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Down to four?

South Boston News / September 13, 2018
Halifax County school officials are considering a new round of school closings that could cut the number of elementaries in Halifax County from seven to four.

With enrollments of less than 200 students at three elementary schools in the northern portion of the county, and projections that Halifax County’s population will drop further in coming years, “it’s difficult to imagine that the configuration [of elementary schools] is going to stay the same forever,” said Superintendent of Schools Mark Lineburg.

Trustees heard a presentation Monday night by Stephen Halsey with Moseley Architects on possible options for revamping the footprint of the county’s older elementaries, all located north of the Town of Halifax.

Halsey reviewed seven possible options, which represent variations of three basic plans: split up the northern end elementary school population between Meadville and Scottsburg, or add another school to that configuration at either the present site of Sydnor Jennings or Clays Mill Elementary, giving Halifax a total of five elementary schools.

The building upgrades involved with each plan vary in cost from $29.4 million to $52 million, but Lineburg said those are “just options,” and Moseley Architects has suggested there could be up to 17 variations that trustees could consider.

Before the School Board winnows down a set of choices to present to the public, Lineburg said more information is needed — especially demographic data on where elementary school-age children live in Halifax County, at the current moment and in coming years. Lineburg said the architects would conduct a GIS survey to give trustees a better idea of the best locations for new and renovated schools.

“Let’s see where the population is,” he said.

The three smallest schools — Clays Mill, Meadville and Sydnor Jennings — have enrollments of 136, 152 and 190 students, respectively. Sinai and Scottsburg have 224 and 260 students, respectively.

Lineburg said his idea of a “really nice” size for an elementary school is 500 to 600 students: “It gets all of your programs under one roof.”

South Boston and Cluster Springs, the county’s newest school buildings, have 665 and 535 students, respectively.

The disparities between the county’s oldest and newest elementary building have been a sore subject on the School Board for years, especially after Meadville and Sinai were left out of the school facilities upgrades carried out under former Superintendent Paul Stapleton. “I think every one of our board members wants equitable facilities for all of our schools,” said Lineburg.

Lack of equity and declining enrollments point to the need to fold some schools and consolidate in the modernized facilities that remain, but Lineburg acknowledged that all of the options could prove to be a difficult sell.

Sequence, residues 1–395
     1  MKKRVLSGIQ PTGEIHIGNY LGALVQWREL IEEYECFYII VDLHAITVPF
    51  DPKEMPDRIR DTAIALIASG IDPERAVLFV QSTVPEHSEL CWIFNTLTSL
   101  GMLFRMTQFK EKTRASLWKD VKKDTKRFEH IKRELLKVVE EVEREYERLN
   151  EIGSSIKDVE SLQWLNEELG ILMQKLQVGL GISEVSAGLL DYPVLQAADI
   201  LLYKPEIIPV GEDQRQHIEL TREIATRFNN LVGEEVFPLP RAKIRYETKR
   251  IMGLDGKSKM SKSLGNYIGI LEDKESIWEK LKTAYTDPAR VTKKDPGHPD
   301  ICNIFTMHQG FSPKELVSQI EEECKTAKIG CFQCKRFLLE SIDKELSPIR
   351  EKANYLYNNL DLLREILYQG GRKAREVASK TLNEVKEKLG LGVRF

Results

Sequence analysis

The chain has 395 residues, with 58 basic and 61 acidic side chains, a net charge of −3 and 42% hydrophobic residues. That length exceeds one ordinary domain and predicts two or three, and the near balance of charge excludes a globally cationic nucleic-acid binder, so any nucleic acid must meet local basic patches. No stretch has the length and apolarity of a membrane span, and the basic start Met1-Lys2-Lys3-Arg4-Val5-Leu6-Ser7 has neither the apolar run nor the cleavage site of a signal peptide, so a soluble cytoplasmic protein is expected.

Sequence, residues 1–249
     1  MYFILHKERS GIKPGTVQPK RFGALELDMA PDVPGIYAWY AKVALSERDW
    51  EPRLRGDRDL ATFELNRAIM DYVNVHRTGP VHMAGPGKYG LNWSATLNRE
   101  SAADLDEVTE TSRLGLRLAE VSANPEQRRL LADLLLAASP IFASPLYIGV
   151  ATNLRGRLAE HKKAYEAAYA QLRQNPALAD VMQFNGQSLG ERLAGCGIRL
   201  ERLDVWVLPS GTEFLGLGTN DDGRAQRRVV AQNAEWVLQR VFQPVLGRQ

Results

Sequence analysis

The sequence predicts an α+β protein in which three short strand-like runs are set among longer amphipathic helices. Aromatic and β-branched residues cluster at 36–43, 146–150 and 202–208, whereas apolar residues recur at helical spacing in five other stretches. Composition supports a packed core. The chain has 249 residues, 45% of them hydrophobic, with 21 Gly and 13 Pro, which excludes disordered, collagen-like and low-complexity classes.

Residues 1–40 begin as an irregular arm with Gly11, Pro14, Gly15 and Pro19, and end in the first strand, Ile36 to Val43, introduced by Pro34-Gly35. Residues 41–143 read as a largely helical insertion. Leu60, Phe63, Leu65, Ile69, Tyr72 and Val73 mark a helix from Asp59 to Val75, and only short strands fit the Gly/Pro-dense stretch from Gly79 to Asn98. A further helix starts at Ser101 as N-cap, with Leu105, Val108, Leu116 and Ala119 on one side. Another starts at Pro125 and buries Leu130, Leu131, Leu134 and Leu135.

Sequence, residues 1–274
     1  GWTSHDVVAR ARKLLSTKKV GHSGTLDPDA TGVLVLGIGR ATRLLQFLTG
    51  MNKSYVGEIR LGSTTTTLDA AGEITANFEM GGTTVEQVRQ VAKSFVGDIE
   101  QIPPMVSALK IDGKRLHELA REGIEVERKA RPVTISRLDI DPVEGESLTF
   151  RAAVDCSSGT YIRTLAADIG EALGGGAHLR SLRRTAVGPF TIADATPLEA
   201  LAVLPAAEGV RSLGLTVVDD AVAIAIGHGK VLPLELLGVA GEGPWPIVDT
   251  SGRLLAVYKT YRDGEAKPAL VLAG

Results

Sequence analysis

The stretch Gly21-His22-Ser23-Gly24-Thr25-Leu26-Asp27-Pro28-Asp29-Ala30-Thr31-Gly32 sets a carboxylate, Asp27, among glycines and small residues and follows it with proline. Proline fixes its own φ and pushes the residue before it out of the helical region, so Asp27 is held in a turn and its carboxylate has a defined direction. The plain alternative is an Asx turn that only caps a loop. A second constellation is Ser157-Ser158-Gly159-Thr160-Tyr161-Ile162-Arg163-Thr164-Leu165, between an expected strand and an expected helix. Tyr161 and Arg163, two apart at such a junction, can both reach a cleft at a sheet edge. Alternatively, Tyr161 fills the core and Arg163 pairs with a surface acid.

“Every community loves their school,” he said.

Further complicating the picture is the need to move forward with a plan for replacing or renovating Halifax County High School, which Moseley Architects suggests will cost between $88 million and $99 million. While the School Board has made no decisions on whether to pursue plans for the high school upgrade and elementary consolidation separately or together, Lineburg said the decrepit condition of HCHS demands an immediate response.

“We’ll have to spend $100,000 on the high school this school year just to have it running,” said Lineburg, citing the poor state of the school’s HVAC systems, plumbing, security and other issues. “That money is gone.

“In the next couple of months we’ve got to have a short-term focus on the high school and see where we are with [that]. I think the high school deserves our immediate attention right now.”

The School Board may want to proceed with a “grand plan” for reconfiguring the elementaries and revamping the high school all at once, but first “we’re going to work our way through a process and talk about it,” said Lineburg.

That process, he added, will include ample opportunities for public input, posting the architects’ recommendations on the HCPS website and talks the Halifax County Board of Supervisors, one-on-one and possibly at a joint meeting that Lineburg hopes to set up in December.

“We’re trying to involve the community every step we can,” he said.

With a facilities program that could cost $150 million to carry out, the argument for moving forward will be two-fold: providing modern and equitable facilities conducive to learning, and saving money on operating costs with fewer and more efficient buildings.

“If you went to four buildings at the elementary level as opposed to seven buildings … it’s hard to argue that operating four buildings won’t have some operational savings,” said Lineburg.

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Yea, they close schools way to early but we are to trust them to spend 150 mil. Sorry. Remodel or upgrade. Who the heck hired this guy?!?!? This is why we need to promote from within. A local person would understand that we don't have 230 mil. to put into school construction!

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